In TCP, the initial RTT is 10 msec and the initial deviation is 5 msec. The acknowledgements for the first three segments are received in time 20 msec, 30 msec and 10 msec.
Find the time out timer value for the first four segments using Jacobson’s Algorithm. Use α = 0.5.
Solution
For 1st Segment
 Initial round trip time (IRTT_{1}) = 10 msec
 Initial deviation (ID_{1}) = 5 msec
So,
Time out timer value (TOT_{1})
= 4 x ID_{1} + IRTT_{1}
= 4 x 5 + 10
= 30 msec
Now, ACK for the 1st segment is received after 20 msec. So,
 Actual round trip time (ARTT_{1}) = 20 msec
 Actual deviation (AD_{1}) =  IRTT_{1} – ARTT_{1}  =  10 – 20  = 10 msec
For 2nd Segment
Initial round trip time (IRTT_{2})
= α x IRTT_{1} + (1α) x ARTT_{1}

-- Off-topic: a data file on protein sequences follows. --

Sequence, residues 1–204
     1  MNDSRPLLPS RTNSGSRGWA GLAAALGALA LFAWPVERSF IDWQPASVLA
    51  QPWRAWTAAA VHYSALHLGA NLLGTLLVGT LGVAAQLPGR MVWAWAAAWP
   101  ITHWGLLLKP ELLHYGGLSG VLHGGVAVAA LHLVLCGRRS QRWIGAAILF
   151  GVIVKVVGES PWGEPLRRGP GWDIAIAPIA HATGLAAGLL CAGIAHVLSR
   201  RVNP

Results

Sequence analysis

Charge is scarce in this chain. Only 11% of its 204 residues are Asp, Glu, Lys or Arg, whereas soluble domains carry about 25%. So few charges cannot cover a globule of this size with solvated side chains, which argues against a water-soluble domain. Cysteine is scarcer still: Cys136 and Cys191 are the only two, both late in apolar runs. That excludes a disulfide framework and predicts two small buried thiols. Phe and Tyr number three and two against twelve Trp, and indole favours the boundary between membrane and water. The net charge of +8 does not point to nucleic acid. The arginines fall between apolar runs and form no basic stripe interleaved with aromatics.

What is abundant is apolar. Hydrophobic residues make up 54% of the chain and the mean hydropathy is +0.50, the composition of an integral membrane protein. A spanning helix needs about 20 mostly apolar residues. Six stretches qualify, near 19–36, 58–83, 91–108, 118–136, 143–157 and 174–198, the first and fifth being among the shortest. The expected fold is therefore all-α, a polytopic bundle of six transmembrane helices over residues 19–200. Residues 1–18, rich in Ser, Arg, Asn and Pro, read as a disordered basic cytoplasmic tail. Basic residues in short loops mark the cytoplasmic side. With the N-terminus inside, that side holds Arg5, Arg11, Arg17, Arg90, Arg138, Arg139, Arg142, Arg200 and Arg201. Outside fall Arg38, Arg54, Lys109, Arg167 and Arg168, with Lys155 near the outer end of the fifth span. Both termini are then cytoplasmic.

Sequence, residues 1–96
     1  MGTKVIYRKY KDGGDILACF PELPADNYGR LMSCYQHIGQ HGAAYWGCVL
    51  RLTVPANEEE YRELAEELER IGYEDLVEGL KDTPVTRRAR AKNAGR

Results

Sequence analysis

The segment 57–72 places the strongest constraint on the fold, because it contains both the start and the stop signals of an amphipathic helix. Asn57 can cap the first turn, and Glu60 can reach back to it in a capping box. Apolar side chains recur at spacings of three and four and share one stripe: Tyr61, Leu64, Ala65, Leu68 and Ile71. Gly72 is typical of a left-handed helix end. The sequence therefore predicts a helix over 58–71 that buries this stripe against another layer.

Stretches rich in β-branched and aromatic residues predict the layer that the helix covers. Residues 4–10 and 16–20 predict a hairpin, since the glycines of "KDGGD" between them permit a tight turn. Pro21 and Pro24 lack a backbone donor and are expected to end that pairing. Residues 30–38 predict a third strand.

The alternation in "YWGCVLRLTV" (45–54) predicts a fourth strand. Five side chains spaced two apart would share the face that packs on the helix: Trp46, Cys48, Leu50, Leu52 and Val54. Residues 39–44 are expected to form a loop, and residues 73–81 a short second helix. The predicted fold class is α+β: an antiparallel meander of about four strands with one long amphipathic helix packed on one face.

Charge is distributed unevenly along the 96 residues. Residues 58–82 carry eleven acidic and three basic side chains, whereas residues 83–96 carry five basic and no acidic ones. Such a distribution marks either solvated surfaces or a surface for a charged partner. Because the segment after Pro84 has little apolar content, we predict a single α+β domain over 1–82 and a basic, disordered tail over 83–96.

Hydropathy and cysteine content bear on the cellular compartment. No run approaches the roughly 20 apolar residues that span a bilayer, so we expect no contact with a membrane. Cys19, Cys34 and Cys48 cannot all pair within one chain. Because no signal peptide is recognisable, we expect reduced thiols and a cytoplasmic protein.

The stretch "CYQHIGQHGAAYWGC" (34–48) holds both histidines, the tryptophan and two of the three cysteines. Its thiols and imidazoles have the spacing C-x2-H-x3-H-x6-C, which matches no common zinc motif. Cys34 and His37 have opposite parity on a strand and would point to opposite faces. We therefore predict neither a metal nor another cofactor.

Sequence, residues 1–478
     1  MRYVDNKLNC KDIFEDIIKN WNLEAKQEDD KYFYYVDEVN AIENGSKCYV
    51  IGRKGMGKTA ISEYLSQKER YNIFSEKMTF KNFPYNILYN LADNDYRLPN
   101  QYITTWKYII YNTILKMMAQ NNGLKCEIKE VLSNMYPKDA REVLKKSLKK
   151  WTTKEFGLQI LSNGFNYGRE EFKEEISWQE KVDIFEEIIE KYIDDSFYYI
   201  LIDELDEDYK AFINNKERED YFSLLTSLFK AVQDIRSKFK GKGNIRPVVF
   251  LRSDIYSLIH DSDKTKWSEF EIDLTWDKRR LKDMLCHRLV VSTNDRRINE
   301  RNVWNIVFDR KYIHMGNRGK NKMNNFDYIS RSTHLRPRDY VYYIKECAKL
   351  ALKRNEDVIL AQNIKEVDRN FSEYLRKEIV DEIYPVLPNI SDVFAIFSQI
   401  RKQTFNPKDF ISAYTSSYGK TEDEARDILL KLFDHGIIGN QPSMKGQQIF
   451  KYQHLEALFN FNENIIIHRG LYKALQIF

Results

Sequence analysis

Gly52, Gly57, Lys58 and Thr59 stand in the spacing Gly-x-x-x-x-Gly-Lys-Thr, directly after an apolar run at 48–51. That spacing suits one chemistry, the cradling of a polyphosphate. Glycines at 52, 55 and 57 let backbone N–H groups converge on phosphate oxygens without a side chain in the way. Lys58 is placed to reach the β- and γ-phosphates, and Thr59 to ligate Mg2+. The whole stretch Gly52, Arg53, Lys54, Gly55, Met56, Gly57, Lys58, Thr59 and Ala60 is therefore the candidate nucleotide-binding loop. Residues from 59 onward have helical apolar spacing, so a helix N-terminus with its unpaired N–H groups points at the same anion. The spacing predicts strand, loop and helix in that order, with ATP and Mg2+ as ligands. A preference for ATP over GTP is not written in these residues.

= 0.5 x 10 + (10.5) x 20
= 5 + 10
= 15 msec
Initial deviation (ID_{2})
= α x ID_{1} + (1α) x AD_{1}
= 0.5 x 5 + (10.5) x 10
= 2.5 + 5
= 7.5 msec
So, Time out timer value (TOT_{2})
= 4 x ID_{2} + IRTT_{2}
= 4 x 7.5 + 15
= 45 msec
Now, ACK for the 2nd segment is received after 30 msec. So,
 Actual round trip time (ARTT_{2}) = 30 msec
 Actual deviation (AD_{2}) =  IRTT_{2} – ARTT_{2}  =  15 – 30  = 15 msec
For 3rd Segment
Initial round trip time (IRTT_{3})
= α x IRTT_{2} + (1α) x ARTT_{2}
= 0.5 x 15 + (10.5) x 30
= 7.5 + 15
= 22.5 msec
Initial deviation (ID_{3})
= α x ID_{2} + (1α) x AD_{2}
= 0.5 x 7.5 + (10.5) x 15
= 3.75 + 7.5
= 11.25 msec
So, Time out timer value (TOT_{3})
= 4 x ID_{3} + IRTT_{3}
= 4 x 11.25 + 22.5
= 67.5 msec
Now, ACK for the 3rd segment is received after 10 msec. So,
 Actual round trip time (ARTT_{3}) = 10 msec
 Actual deviation (AD_{3}) =  IRTT_{3} – ARTT_{3}  =  22.5 – 10  = 12.5 msec
For 4th Segment
Initial round trip time (IRTT_{4})
= α x IRTT_{3} + (1α) x ARTT_{3}
= 0.5 x 22.5 + (10.5) x 10
= 11.25 + 5
= 16.25 msec
Initial deviation (ID_{3})
= α x ID_{3} + (1α) x AD_{3}
= 0.5 x 11.25 + (10.5) x 12.5
= 5.625 + 6.25
= 11.875 msec
So, Time out timer value (TOT_{4})
= 4 x ID_{4} + IRTT_{4}
= 4 x 11.875 + 16.25
= 63.75 msec
Next Article Silly Window Syndrome